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Supreme Court unanimously rules that Trump can remain on presidential ballot

Mar 4

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The Supreme Court ruled unanimously that Donald Trump can remain on the ballot in Colorado, overturning a decision from the state’s Supreme Court. The justices ruled that the Constitution makes Congress, not the states, responsible for enforcing Section 3 of the 14th Amendment against federal officeholders and candidates. 

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In December, the Colorado Supreme Court ruled that the former president was disqualified from a second term because he engaged in insurrection and therefore was barred under Section 3 of the 14th Amendment. The court ordered the Colorado secretary of state to keep him off the 2024 presidential primary ballot. 

In their reversal, the justices of the U.S. Supreme Court wrote, “…the text of the Fourteenth Amendment, on its face, does not affirmatively delegate such a power to the States. The terms of the Amendment speak only to enforcement by Congress, which enjoys power to enforce the Amendment through legislation…”

The decision explains that power is given to Congress through Section 5 of the 14th Amendment.

“The Congress shall have power to enforce, by appropriate legislation, the provisions of this article,” the section states.

This decision was per curiam, which means it does not have any specific justice listed as the author and it was released in the name of the court. However, Justices Barrett, Sotomayor, Kagan and Jackson wrote concurring opinions. 

Sotomayor, Kagan and Jackson wrote that the per curiam decision went too far and didn’t stick to the single question that the court was originally asked to answer: Did the Colorado Supreme Court err in ordering President Trump be excluded from the 2024 presidential primary ballot?

“Although federal enforcement of Section 3 is in no way at issue, the majority announces novel rules for how that enforcement must operate,” the court’s three liberal justices wrote in their concurring opinion. “It reaches out to decide Section 3 questions not before us, and to foreclose future efforts to disqualify a Presidential candidate under that provision.”

“The majority announces that a disqualification for insurrection can occur only when Congress enacts a particular kind of legislation pursuant to Section 5 of the Fourteenth Amendment,” the concurring opinion added. “In doing so, the majority shuts the door on other potential means of federal enforcement.”

This decision was released one day ahead of the Colorado Republican primary, which takes place on Super Tuesday, March 5.

There are other challenges to Trump’s ballot eligibility which could now be resolved quicker due to the Supreme Court’s decision.

The Maine secretary of state wrote a decision disqualifying Trump from the presidency, which was initially put on hold. A state court later ordered a revisit after the Supreme Court’s ruling in Trump v. Anderson. Courts in Michigan and Minnesota declined to keep Trump off the primary ballot but left the door open to challenges in the general election. 

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[RAY BOGAN]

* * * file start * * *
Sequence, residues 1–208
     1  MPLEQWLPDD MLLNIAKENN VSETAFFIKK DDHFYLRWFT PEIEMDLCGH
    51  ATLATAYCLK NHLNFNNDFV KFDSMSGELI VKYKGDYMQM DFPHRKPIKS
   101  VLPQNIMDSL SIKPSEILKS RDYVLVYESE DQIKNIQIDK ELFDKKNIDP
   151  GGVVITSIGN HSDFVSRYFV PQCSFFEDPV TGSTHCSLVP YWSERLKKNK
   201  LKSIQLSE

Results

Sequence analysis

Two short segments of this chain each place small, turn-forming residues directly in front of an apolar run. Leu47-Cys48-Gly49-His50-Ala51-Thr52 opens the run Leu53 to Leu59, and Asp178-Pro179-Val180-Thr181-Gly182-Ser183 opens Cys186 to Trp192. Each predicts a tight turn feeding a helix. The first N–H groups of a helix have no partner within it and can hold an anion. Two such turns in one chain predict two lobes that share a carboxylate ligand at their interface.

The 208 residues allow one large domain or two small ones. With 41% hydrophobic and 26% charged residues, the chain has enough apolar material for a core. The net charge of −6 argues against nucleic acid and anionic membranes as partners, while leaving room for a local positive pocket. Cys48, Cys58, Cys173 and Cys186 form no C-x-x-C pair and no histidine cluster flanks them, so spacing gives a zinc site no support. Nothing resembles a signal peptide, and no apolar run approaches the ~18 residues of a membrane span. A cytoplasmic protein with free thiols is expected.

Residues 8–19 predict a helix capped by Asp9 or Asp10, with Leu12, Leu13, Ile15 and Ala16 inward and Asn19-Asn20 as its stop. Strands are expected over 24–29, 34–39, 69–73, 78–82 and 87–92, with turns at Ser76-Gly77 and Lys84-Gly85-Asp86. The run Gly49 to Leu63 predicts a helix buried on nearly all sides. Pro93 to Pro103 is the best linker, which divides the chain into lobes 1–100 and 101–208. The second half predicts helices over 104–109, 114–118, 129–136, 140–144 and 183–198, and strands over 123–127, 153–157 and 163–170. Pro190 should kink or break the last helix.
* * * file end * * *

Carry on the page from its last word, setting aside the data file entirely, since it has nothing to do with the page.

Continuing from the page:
The Supreme Court ruled unanimously that Donald Trump can remain on the ballot in Colorado, overturning a decision from the state’s Supreme Court. The Justices ruled that the Constitution makes Congress, not the states, responsible for enforcing Section 3 against federal officeholders and candidates. 

In December, the Colorado state Supreme Court ruled that the former president was disqualified from a second term because he engaged in insurrection and therefore was barred under Section 3 of the 14th amendment. It ordered the Colorado Secretary of State to keep him off the 2024 presidential primary ballot. 

In their reversal, the Justices of the United States Supreme Court wrote, “…the text of the Fourteenth Amendment, on its face, does not affirmatively delegate such a power to the States. The terms of the Amendment speak only to enforcement by Congress, which enjoys power to enforce the Amendment through legislation…”

The decision explains that power is given to Congress through Section Five of the 14th Amendment which states, “The Congress shall have power to enforce, by appropriate legislation, the provisions of this article.”

This decision was per curiam, which means it does not have any specific Justice listed as the author, it was released in the name of the Court. But Justices Barrett, Sotomayor, Kagan and Jackson wrote concurring opinions. 

Justices, Sotomayor, Kagan and Jackson wrote that the per curiam decision went too far and didn’t stick to the single question that the court was originally asked to answer, which is – Did the Colorado Supreme Court err in ordering President Trump be excluded from the 2024 presidential primary ballot?

“Although federal enforcement of Section 3 is in no way at issue, the majority announces novel rules for how that enforcement must operate. It reaches out to decide Section 3 questions not before us, and to foreclose future efforts to disqualify a Presidential candidate under that provision,” the court’s three liberal justices wrote in their concurring opinion. 

“The majority announces that a disqualification for insurrection can occur only when Congress enacts a particular kind of legislation pursuant to Section 5 of the Fourteenth Amendment. In doing so, the majority shuts the door on other potential means of federal enforcement,” the concurring opinion added.